Well, the answer is you can, but it would be terribly foolish and dangerous and you cannot always choose to stay close to shore but here is the real reason---BECAUSE....closer to shore is almost always much more dangerous than offshore. The fact that you do not know this and posed this well meaning [insert other adjective here] question on this forum should give other, more experienced cruisers pause to catch their breath. Why would you ever think that somehow staying close to shore is safer than being in bluewater? And as for the West Coast, most of that shoreline is pretty darn challenging and there are relatively few safe havens or inlets when compared to many other coastlines. Apparently you must have been thinking that if the weather gets really bad, you'd be able to just turn toward shore and poke into a river? Well, maybe, but what if there were no river for 100 miles or more? And it's not always easy or advisable to enter a river or inlet in bad weather. And as one person mentioned--what if it were a lee shore? Surely you know what that means-yes? Why do you think the US Navy leaves port and heads to sea when hurricanes are forecasted?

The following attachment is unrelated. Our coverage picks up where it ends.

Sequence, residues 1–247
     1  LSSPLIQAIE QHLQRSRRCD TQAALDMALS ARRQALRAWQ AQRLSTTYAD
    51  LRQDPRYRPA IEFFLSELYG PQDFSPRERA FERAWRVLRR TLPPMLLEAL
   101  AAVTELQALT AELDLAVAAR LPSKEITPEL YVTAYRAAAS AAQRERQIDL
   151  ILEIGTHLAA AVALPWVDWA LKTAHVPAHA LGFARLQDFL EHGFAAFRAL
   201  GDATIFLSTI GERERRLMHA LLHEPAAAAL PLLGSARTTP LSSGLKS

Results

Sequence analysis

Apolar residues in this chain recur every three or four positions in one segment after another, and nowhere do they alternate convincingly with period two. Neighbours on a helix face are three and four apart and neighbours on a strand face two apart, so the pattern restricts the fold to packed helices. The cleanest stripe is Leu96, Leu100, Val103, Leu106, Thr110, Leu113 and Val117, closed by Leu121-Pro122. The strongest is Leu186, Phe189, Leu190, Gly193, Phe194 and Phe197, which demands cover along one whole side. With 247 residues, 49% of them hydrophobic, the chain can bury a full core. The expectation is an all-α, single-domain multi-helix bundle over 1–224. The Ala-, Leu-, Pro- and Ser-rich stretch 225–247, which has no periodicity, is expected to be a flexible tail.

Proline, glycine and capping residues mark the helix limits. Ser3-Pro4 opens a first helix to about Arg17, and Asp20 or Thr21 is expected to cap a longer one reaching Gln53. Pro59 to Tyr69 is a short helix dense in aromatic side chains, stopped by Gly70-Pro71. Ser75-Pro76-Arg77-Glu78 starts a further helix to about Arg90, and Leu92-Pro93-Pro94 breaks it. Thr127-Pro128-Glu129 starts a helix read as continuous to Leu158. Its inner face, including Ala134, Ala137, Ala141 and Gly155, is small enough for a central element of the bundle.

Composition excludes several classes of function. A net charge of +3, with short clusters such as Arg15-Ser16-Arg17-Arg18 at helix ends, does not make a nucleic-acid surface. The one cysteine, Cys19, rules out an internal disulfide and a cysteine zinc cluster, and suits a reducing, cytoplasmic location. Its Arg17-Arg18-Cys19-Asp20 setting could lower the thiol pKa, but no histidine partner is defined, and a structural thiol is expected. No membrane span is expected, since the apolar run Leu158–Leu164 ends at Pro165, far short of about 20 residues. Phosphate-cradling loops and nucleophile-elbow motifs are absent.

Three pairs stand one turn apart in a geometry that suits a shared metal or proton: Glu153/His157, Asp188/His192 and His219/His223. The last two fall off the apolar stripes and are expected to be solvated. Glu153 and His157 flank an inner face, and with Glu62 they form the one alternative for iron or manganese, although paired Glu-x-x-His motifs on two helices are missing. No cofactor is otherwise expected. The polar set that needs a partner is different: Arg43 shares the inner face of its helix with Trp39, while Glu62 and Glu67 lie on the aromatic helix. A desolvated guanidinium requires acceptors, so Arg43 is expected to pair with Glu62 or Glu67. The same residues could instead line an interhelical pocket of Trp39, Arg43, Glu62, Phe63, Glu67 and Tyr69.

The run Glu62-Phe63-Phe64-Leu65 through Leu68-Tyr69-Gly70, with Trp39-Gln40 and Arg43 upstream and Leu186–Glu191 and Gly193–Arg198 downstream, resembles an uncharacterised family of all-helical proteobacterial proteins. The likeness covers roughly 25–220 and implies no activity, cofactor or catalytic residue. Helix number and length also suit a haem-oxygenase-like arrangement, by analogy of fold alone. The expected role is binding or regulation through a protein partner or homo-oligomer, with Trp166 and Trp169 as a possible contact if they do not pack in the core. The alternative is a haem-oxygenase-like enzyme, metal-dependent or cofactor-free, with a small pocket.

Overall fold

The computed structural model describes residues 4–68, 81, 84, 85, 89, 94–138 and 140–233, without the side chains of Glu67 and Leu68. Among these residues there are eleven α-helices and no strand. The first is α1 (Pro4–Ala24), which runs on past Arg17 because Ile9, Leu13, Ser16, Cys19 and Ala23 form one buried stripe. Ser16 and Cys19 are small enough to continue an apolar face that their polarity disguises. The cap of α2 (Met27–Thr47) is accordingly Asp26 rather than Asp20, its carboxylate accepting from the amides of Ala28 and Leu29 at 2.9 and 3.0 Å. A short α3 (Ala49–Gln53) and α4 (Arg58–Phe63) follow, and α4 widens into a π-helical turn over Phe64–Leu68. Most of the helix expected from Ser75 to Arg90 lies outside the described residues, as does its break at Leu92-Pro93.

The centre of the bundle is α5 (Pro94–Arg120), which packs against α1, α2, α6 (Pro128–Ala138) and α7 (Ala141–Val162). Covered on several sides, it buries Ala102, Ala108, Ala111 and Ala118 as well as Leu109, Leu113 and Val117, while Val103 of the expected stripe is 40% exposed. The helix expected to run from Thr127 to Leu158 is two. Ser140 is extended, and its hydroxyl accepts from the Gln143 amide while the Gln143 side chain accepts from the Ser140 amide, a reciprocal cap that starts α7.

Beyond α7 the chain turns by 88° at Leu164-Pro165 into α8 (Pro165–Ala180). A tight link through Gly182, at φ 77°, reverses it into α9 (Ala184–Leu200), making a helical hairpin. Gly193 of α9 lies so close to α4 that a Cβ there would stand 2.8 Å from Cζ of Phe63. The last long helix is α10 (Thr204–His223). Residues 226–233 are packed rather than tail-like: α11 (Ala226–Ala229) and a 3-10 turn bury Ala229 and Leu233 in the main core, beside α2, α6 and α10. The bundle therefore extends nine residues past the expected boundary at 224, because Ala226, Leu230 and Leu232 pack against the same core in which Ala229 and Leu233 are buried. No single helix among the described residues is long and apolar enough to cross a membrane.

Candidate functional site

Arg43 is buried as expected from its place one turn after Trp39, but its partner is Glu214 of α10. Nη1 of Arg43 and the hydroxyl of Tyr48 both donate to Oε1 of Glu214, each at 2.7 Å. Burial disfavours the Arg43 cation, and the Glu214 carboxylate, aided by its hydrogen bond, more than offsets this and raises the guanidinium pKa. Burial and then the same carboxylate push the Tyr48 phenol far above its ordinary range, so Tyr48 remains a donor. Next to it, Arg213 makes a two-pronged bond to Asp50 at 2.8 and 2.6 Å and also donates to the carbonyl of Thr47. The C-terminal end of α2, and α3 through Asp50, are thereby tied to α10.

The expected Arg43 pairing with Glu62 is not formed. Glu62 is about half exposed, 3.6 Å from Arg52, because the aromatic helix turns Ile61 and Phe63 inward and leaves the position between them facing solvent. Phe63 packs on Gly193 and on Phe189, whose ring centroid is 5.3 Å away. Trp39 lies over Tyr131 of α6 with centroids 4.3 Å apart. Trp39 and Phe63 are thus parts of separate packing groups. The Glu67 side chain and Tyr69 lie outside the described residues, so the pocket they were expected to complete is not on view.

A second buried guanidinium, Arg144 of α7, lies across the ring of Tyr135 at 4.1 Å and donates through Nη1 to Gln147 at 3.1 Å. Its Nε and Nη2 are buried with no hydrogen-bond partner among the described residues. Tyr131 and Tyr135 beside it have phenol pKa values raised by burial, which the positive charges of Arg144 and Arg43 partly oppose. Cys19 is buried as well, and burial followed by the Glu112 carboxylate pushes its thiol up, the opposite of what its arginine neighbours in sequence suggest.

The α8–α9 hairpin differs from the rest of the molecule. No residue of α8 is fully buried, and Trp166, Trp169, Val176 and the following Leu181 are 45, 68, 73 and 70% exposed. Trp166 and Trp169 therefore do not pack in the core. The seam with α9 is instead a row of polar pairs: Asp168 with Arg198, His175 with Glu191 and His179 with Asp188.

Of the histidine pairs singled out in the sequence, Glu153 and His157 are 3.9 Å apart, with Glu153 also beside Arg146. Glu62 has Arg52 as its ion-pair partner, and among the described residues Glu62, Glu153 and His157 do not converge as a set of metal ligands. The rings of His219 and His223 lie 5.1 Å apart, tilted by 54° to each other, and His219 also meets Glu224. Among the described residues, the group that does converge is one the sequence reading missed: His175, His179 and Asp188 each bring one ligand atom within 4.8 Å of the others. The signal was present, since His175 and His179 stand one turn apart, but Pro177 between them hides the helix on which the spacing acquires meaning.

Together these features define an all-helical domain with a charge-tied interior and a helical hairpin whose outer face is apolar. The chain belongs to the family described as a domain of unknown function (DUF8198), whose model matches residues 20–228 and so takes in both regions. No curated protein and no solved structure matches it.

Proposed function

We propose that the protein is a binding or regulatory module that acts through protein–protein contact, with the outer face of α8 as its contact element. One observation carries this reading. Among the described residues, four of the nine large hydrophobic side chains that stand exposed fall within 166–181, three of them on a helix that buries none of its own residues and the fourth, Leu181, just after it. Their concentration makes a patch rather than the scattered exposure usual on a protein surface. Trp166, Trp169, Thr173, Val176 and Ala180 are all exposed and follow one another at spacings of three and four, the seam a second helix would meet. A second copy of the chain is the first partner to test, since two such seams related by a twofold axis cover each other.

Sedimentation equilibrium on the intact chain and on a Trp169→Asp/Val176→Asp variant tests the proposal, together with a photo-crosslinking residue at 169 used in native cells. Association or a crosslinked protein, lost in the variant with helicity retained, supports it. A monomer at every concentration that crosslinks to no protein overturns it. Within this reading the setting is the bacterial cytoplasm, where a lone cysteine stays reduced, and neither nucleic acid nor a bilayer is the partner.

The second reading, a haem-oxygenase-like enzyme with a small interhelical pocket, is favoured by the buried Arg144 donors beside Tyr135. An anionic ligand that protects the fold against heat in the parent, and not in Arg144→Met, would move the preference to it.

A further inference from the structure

Think of an airplane and airplane safety. Where do most problems occur? Near land of course--there just is not much to hit in the air but they spend almost all of their time way up high and only a tiny portion landing or taking off near airports and other low flying planes. See the analogue?

So you want friendly advice? Well, it's too late for the first piece of advice which would have been GET MORE EXPERIENCE so I'll try to be helpful. Hire a professional sailor to work with you and develop your skills and do part or all of the trip with you. Make sure you have excellent carpentry and mechanical skills....oh and a lot of cash to spare would be helpful too.

Beyond that, if you are still in Washington, DC, please consider visiting me about a 45 minute's drive from downtown and buy me a nice dinner--a really nice dinner and drinks--preferably really nice vintage red wines and I won't charge you my normal consulting feel or any fee for that matter to "pick my brains" for a few hours. I'm willing to do that because I really want to know your story and how you are able to do what you are doing--and it might be fun and entertaining. At middle age and with over 40 years solid sailing experience, even looking at buying a later-model glass sailboat can sometimes tax my knowledge and skills. So I want to meet you and understand how a PhD got into this thing. I wish you well and please, feel free to send a personal message if you'd like to take me up on my offer. It might make an interesting article for me to write about in Wooden Boat or perhaps Sail...

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Old 24-06-2013, 21:44   #30
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Re: New Skipper, Old Boat

By the way, regarding anchors, you wrote (jokingly?) "some kind of metal one I presume?" Well, you bought a wooden boat--so why not a wooden anchor? Ok, so now I'm being flippant, but really now, were you serious? Some kind of metal I presume?